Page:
In their second season I expect the Houston Dash to be more competitive than this season. We still don't know if any teams will join the expansion ranks, or what player movement we might see. Plenty can still happen, and there will most likely be a trade or two before the college draft next year.
Essentially, much like the Houston Dynamo, there will be some new faces, and there will be some old. In year two, the big question will be whether the team can avoid the injury bug unlike their inaugural season. I think to some degree the team took some risk with taking on injury-prone players who have higher ceilings than some of the more "durable" players available at the time.
I know it has been a bit round about, but stick with me just a bit longer.
The first NWSL season saw Western New York Flash competing in the Final for the title against Portland Thorns. The Flash have already flashed out of playoff contention, and the Thorns are on the cusp of missing out on the playoffs as well. Quite a difference a season makes.
Fast forward to this offseason and the Houston Dash won't sit tight. They'll make moves, they'll bolster positions in need of improvement. Randy Waldrum, Chris Canetti and Brian Ching will make decisions to improve the team, and we'll all (eventually) come to grips with them.
Will the Dash contend for the playoffs next season? Yes. Will they be in the playoffs next season? Yes. Only time will tell if I'm right.
Giles Barnes was quite the find for the Houston Dynamo. While he may not be as prolific as say Thierry Henry their play styles are similar. Their price points, however, are not, and therein lies the value in finding those diamonds in the rough. That has been a staple of Dominic Kinnear teams.
Value players over elite players. Perhaps to the detriment of the quality ceiling of the team at times, but always allowing the team to remain competitive on and off the pitch.
A lot of fans look at this season and shake their heads. We've lost a lot of matches we had no business losing, and the team couldn't win for eight straight matches. Yet, here we find ourselves once again staring at a playoff push with just two major changes to the roster. The team's quality has always been there, but it is a sum of it's parts, not just a couple of specific parts.
Young, former EPL academy players out of contract are a great value grab, and usually their quality is of a different sort. Some fans deride Barnes because at times he seems to be behind the play, chasing the game. The reality is very different in that he is behind the play so he can see it develop and pick and choose his runs or his passes. There's a reason Will Bruin has had a number of good chances, and there's a reason Barnes has as many shots as he had this season.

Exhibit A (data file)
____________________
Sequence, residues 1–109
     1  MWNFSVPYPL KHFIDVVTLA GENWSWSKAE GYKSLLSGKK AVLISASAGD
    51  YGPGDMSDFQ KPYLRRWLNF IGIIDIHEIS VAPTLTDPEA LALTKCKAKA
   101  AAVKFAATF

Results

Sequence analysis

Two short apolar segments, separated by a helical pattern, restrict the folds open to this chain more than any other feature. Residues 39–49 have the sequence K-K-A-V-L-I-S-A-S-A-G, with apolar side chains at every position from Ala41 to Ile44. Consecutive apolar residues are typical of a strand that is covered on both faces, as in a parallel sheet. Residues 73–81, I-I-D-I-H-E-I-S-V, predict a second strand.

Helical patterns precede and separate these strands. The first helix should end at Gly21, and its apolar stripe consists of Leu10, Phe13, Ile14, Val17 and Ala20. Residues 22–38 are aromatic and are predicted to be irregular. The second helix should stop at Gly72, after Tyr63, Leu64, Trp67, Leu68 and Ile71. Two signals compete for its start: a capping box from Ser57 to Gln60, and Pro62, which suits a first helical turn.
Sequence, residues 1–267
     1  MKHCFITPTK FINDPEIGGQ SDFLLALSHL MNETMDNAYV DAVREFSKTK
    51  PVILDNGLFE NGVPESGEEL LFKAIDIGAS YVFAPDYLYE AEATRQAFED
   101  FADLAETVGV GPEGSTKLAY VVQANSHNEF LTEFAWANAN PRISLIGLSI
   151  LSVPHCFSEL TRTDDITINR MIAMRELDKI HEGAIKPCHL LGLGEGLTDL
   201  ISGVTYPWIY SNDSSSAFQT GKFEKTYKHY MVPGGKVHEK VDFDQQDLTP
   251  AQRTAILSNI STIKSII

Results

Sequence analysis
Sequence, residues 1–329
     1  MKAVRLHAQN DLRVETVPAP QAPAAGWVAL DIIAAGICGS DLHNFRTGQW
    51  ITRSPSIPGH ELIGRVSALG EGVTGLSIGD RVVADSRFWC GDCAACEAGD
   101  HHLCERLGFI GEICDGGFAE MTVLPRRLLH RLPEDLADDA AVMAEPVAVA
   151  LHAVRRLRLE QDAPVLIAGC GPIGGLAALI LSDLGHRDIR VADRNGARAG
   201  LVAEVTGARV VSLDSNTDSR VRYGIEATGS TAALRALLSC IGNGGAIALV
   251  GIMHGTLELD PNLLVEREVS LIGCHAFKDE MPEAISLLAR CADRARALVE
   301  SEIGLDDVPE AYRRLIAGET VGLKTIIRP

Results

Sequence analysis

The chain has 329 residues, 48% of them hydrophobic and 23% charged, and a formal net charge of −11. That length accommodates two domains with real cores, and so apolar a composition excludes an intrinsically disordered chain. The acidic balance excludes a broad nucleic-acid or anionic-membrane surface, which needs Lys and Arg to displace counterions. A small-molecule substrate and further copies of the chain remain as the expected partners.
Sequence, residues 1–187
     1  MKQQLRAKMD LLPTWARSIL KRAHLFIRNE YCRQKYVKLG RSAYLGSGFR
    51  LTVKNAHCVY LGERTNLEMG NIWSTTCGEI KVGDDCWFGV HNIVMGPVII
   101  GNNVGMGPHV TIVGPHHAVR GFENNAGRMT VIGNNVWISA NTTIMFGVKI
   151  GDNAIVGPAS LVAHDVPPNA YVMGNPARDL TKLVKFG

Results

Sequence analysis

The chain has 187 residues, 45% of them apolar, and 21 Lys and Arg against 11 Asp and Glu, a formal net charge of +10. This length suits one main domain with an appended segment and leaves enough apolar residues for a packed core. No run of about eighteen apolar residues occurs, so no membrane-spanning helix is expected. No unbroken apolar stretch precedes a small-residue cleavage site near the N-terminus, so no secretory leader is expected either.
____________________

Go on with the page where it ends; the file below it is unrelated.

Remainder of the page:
I know scoring is the king of all stats for forwards, but I view Barnes as something of a trequartista who just happens to play more of a forward role than most. By contrast, new signing Luis Garrido reminds me of a budding regista who sits above the back line and picks out passing lanes from behind. In both cases, neither player should be high-end goal scorers, but they should provide support to the attack and be a hinge point at times. And they are.
Suffice it to say, I love the idea of more players like Barnes who see the game with an entirely different vision. There's an art to the way they play overseas, and the more we can tap into that, the more likely we are to find ourselves ahead of the curve rather than behind.
I personally haven't seen or heard any hints from either side regarding the renewal of the Collective Bargaining Agreement, and at this point that seems about par for the course. I think we can look at the recent MLS national broadcasting deal as a step from the league to try to encourage the players of the viability of the league, and to help ensure owners pocketbooks are amply protected with any increase in salary cap or operating expenses.
I think the push for more player development at the youth levels with heavier involvement from clubs is also a hint at what will find its way into the CBA for 2015 and beyond. But nothing specific will be said anytime soon, and we all just have to stick our hands in our pockets and kick the dirt as we wait around for things to start moving.
I will go on record now and say I don't believe a lockout is likely, and fully expect a full 2015 season with more salary cap space and more budget for player development as well as to sign a couple of more veteran players.
I have the point total for the playoff line at 48 points right now. That seems like a lot compared to previous seasons, but this MLS season hasn't exactly been par for the course by any stretch of the imagination. With that said, the Houston Dynamo currently sit at 22 points, meaning they need 26 points over their final 12 matches. By my math, they can drop only 10 points over those 12 matches.
It isn't impossible, but it will take a good, solid unbeaten streak to make it happen. I've looked over the schedule, consulted with my personal points guru (he knows who he is), and have the team pegged at 7 wins out of the next 12 matches and 2 draws. That leaves 3 losses in 12 matches, which accounts for exactly 45 points on the season and has them in 6th place just out of contention.
However, it isn't impossible for the Dynamo to pick up a win in any of those games I have as losses currently, but it does mean every game from here on out is essentially must win. There's too much team clutter in the Eastern Conference for any team to feel comfortable losing even just one match over this second half of the season.
For the Dynamo to make the playoffs, I believe they need a record of (W-L-D) 8-2-2 or better, which leaves very little room for the team to drop points in any matches remaining.
As always, you're free to leave your own responses to the questions above in the comments below, and to offer your own questions for the next #DTQA post in 2 weeks time.